Ways to freeze strawberries to preserve them through the winter including whole, sliced with sugar, and as freezer jam. Also with a comparison of two different low sugar pectin products for freezer jam – which is best?
I finally had a chance to pick some strawberries at a farm a few minutes down the road. By this time of the year in Oregon (late June), much of the main strawberry crop is finished producing, but I managed to find enough, thankfully. My strawberry patch is being rehabilitated this year, so I am only getting handfuls here and there. They are still delicious, though!
One benefit of waiting to pick (almost too long) is that the price is lower at most farms. At the farm I visited, the standard bucket they provide was $5.00, down from the $7.00 they charge at the height of the season. They said it holds about 6 pounds, but after weighing ours at home we had 13 pounds total from two buckets, making the berries .77 a pound. Not bad!
The photo above shows the entire 13 pounds processed and ready for the freezer. I used three easy techniques to preserve the berries in the freezer: freezing whole, sliced, and as freezer jam.
Freezing Strawberries Whole
On the tray are small, whole berries to be frozen which should fill two quart-sized freezer bags for smoothies. Read more details on this, including my favorite easy berry smoothie recipe here.
Freezing Strawberries Sliced
Behind the tray are four quart bags of sliced and sweetened berries. Adding just a bit of sugar to the sliced berries helps them retain color, texture, and flavor.
To make sliced strawberries to freeze: sprinkle just 1 to 2 tablespoons of sugar to 8 cups of hulled and sliced strawberries. Mix it all gently together before adding them to freezer bags or other freezer containers. Label and date.
How to use sliced strawberries: these berries are SO good in the dead of winter for breakfast or anytime for a snack. We all think they’re best when they are only partially defrosted. Put them in a warm water bath while getting breakfast ready and they should be thawed enough to move to a bowl by then.
Freezing Strawberries as Freezer Jam
On each side of the tray in the photo above are batches of freezer jam. I make freezer jam not only because it’s easier than cooked and canned jams, but because our whole family just likes the fresher flavor of the jam better, since it’s made with less sugar and no cooking.
Commercial or Natural Pectin?
To be honest, I’ve been bothered in the past by the idea of commercial pectin, and I tried a “natural” pectin (Pomona’s) that was expensive and had a distinct aftertaste, sort of like fake sugar. So I’ve been sticking with the commercial stuff for now.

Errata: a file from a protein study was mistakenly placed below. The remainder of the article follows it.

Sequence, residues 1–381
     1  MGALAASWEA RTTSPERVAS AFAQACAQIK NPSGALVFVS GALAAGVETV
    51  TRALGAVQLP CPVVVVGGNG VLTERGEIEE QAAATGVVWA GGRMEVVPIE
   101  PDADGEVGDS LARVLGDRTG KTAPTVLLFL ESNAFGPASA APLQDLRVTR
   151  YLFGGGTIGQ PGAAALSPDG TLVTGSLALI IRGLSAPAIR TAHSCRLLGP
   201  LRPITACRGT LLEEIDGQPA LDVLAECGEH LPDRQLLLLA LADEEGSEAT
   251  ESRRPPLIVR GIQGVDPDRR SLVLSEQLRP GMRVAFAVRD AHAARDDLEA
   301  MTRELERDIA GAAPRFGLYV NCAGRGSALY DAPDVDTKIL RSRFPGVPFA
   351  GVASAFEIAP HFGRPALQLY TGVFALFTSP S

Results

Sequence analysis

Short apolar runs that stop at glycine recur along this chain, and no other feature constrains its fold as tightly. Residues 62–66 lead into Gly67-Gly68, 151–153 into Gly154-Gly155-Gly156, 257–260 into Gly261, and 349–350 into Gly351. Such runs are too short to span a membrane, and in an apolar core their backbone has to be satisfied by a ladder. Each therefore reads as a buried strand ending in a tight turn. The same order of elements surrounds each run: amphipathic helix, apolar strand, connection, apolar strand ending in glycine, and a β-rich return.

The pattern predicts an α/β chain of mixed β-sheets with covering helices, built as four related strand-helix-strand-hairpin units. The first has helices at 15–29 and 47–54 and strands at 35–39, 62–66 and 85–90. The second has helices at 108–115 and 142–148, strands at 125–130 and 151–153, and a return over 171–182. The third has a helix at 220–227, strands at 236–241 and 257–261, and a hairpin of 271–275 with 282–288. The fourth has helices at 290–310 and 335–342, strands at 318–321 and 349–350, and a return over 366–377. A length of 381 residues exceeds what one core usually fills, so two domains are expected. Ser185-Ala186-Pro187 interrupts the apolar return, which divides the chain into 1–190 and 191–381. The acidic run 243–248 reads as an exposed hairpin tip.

There is a way to make a pectin out of green apples, but then the jam usually has to be cooked and loses that fresh flavor we love so much. Everything’s a give and take, isn’t it?
Freezer Jam Commercial Pectin Comparison
Since I used two different pectins this time I thought I’d do a little comparison to share with you:
No Sugar Needed Sure-Jell
- Uses 4 cups of crushed fruit to 3 cups of sugar.
- The water, pectin and sugar need to be brought to a boil and then boil for a minute before adding the fruit (you don’t ever boil with the fruit in, though).
- It makes 6-8 8-ounce containers (the package says 6, I got 8).
- Can usually be found on sale for $1.99-$2.50 (I had a $1/1 coupon so mine was .99).
- It takes about 10-12 minutes (after prepping berries), depending on how fast your mixture comes to a boil to complete the jam.
- It’s a pretty stiff jam.
Ball No Cook Freezer Jam
- Uses 4 cups crushed fruit to only 1-1/2 cups of sugar.
- There is no boiling required at all.
- Makes 5 to 6 8-ounce containers (again, I got more that the package said…maybe my containers are small? Though they are the normal freezer containers).
- It’s usually priced at around $1.30 per package.
- It takes about 5 minutes after prepping the berries.
- It makes a looser jam.
Both of these pectins have their pros and cons, but I really like the Ball no-cook type the best and have been using it since I discovered it a few years ago. I know it doesn’t make as much in a batch, but it uses less sugar, costs less, and takes less time. But the biggest reason is that we all find the flavor just a little brighter and fresher without the heating that the berries get with the Sure Jell.
UPDATE: Read more about how I make freezer jam here, including more thoughts on commercial pectins.
Even with the purchased pectin, berries, and sugar, this is a pretty frugal way to get some high-quality, local fruit products put up for the winter. When I broke down the prices, it worked out to about $1 for each of the bagged strawberries, and .41 for each 8-oz of jam.
Plus the satisfaction of doing it yourself (with a child’s help is even better!) = priceless.
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